Why we lost the hockey game against Australia
Australia demolished Pakistan by seven goals to nil thus putting an end to the hopes and aspirations of Pakistan hockey fans and fraternity. Australia have now qualified for the semi final while Pakistan will have to content for the the 5th and 6th position playoffs.
It was estimated that in a do or die game like this, Pakistan would go all out on attack right from the beginning and not worry too much on defence, but surprisingly the team management’s decision not to field three main strikers Rehan Butt, Haseem Khan and Shakeel Abbasi in the first 15 minutes of the game proved to be fatal. The game plan to start defensively in this decisive game caused irreparable damage to Pakistan as it could not withstand the Australian charges and conceded two goals in the first 10 minutes of the match. This two goal margin was doubled in the same half ─ a margin that had immense psychological impact on the boys. The second half saw three more Australian goals, sinking Pakistani hearts even deeper.
The management should have realised what a demoralising effect a high margin lead in the first half would have on the boys. When a team is a goal down, then its efforts should be to reduce the margin immediately and not go on the defensive, and allow the opposition further attacks.
An equaliser expiates the demoralising effect on the team and brings hope back into the game. But against this, Pakistan team management decided to play defensive even though two goals had been scored against them making the team sitting ducks to the Australian hawks. The management realised the mistake in the later period of the first half and fielded Rehan Butt and Shakeel Abbasi, but at a time when we were losing with a big margin. Star forward Haseem, however, was nowhere to be seen on the pitch, except in the middle of the second half. Captain Sohail Abbas, too, was kept on and off the pitch resulting in an inconsistent defensive pattern.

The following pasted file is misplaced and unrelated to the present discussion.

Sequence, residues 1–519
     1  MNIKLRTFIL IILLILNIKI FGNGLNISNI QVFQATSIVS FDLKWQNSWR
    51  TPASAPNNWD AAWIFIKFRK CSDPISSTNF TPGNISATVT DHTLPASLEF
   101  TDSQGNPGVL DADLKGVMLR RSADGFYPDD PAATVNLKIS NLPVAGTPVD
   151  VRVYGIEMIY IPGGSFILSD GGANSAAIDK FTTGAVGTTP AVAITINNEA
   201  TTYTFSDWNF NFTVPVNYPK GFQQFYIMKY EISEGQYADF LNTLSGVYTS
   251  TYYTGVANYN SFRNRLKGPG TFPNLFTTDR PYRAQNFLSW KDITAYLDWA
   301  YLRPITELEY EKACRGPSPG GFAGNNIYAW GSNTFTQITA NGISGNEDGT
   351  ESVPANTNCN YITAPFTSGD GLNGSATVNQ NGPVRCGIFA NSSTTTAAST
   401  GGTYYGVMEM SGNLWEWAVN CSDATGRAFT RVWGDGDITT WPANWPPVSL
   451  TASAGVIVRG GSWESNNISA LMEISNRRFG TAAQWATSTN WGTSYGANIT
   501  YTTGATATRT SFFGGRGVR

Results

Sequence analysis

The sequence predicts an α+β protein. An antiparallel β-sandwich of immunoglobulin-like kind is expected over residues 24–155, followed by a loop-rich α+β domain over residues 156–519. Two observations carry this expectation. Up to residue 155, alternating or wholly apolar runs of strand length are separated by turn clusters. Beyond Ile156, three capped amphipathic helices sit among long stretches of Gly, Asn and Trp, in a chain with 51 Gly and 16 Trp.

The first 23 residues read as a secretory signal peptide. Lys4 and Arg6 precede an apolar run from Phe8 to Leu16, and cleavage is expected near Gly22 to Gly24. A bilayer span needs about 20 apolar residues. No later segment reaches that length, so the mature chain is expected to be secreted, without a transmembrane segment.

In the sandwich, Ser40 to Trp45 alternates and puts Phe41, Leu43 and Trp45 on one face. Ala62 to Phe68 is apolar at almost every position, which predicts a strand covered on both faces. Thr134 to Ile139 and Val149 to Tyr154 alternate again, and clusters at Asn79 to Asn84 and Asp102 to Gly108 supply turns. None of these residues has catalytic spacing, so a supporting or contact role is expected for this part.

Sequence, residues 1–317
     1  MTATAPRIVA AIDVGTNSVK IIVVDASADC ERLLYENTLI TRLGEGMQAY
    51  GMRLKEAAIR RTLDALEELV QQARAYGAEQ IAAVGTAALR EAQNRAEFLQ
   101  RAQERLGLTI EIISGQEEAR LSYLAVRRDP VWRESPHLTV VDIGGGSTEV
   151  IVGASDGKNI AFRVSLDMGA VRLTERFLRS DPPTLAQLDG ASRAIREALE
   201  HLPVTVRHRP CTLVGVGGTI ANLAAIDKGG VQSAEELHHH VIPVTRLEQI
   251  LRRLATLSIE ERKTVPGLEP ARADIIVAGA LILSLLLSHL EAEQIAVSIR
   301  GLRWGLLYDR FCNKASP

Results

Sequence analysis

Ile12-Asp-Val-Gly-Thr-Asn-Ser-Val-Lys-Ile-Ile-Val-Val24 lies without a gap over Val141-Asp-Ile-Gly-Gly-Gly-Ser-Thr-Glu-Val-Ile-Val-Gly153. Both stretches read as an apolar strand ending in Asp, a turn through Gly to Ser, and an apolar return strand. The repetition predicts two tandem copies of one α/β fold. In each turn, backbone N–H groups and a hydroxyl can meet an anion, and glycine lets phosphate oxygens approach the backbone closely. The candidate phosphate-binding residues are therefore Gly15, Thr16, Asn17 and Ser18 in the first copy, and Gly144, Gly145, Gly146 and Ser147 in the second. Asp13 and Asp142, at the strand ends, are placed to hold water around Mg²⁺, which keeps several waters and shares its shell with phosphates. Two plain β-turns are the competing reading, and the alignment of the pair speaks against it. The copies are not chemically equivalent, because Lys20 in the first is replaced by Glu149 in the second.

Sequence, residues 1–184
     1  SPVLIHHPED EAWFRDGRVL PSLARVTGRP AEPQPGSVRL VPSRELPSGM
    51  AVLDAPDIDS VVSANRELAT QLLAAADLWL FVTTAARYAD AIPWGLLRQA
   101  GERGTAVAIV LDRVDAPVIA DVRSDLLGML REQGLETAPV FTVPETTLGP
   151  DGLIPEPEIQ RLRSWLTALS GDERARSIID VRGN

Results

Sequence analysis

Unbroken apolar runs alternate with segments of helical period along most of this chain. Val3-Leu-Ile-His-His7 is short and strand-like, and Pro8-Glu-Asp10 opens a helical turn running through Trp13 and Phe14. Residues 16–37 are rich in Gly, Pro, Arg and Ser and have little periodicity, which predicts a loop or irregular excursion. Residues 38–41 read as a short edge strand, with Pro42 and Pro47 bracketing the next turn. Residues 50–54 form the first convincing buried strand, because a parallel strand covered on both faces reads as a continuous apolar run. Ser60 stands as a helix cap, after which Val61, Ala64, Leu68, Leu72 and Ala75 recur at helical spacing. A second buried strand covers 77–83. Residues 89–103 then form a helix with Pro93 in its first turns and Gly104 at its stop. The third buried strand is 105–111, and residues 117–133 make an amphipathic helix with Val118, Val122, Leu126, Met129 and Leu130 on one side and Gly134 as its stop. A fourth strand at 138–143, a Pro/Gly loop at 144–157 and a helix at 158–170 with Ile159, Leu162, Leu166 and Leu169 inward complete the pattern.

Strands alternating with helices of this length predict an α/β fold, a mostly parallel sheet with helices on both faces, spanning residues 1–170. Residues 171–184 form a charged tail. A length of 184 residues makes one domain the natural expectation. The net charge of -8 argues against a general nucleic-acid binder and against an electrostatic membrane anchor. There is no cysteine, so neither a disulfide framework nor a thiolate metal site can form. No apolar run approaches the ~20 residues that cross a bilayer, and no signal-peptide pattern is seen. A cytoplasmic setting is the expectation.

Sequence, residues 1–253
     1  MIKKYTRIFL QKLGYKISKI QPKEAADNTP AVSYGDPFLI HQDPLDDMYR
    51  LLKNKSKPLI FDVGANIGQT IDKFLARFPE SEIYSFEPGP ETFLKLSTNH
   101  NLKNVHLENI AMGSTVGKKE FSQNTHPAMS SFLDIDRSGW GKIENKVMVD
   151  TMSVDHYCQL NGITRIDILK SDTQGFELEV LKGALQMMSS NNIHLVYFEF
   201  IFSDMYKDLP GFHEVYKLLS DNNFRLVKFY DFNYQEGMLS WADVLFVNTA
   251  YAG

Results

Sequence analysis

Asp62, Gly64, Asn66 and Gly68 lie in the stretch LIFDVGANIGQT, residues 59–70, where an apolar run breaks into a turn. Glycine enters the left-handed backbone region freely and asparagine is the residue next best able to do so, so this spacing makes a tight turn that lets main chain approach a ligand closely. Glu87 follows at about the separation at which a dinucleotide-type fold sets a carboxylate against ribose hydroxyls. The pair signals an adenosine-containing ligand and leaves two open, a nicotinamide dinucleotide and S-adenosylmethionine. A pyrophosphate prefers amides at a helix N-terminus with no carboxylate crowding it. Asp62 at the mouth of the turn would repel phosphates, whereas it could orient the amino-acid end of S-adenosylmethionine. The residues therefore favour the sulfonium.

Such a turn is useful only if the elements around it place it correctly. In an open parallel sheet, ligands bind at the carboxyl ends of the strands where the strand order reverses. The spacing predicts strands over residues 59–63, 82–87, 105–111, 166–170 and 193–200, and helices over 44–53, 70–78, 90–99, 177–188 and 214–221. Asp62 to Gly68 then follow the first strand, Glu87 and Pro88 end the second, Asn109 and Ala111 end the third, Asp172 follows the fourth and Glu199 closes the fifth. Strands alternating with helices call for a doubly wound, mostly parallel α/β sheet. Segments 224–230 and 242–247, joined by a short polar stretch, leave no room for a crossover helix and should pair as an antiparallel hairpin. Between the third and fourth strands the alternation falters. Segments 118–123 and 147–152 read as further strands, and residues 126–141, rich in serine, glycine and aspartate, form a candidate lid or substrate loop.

Why in a crucial match like this, Pakistan started without their three main attackers, and why was the captain – who is the leader and inspiration to the team – kept off the pitch? Answers to these vital questions can only come from the team manager and coach. The management also decided to play zonal defense instead of man-to-man marking and this was also instrumental in giving an edge to the fast paced Australian attack, as they would frequently change positions with each other and not have anyone to mark them. It appeared that the entire match was an Australia versus goalkeeper Imran Shah affair. He was kept busy between the posts and along with conceding seven goals, and also managed to save quite a few attempts. Shah, who was also hurt during the first half had his own limitations and one must not put the blame on one person. He is a young keeper with a lot of talent, and had a lot on his shoulders in this Olympics.
With this defeat, Pakistan are out of the medal race, however there are still games that need to be played and the team should retain its composure for the playoffs. Pakistan did not come into the tournament as favourites, and the result is not beyond expectations. Now we must salvage what remains and at least try to win the remaining playoff games and improve our world rankings.
If there is someone to carry the ultimate responsibility for Pakistan’s overall performance in this tournament as well as in world hockey over the years, then it is those running the Pakistan Hockey Federation, and after this tournament the federation set up definitely needs an overhaul. It is expedient that after the Olympics, the Pakistan hockey structure as well as the national governing body and its subsidiary associations are reformed to regain our lost glory.
Senior players Sohail Abbas, Waseem Ahmed, Rehan Butt and Shakeel Abbasi will definitely need to call it a day after their lengthy careers. In forwards, Haseem Khan, Shafqat Rasool, and Rizwan Bhutta, we have a talented lot. Midfielder Rasheed Mahmood, and defender Muhammad Irfan have shown extraordinary skill in this tournament. Goalkeeper Imran Shah needs some coaching, but he has the spark and reflexes to make into a world class keeper.
The residue of the Olympics squad does show promise for the future, but we need a good administrative structure of hockey in the country to develop the sport at domestic and international level. The coach and team manager who takes up after the Olympics needs to be an indigenous one instead of an imported option. He should be retained for a period long enough to produce concrete results.
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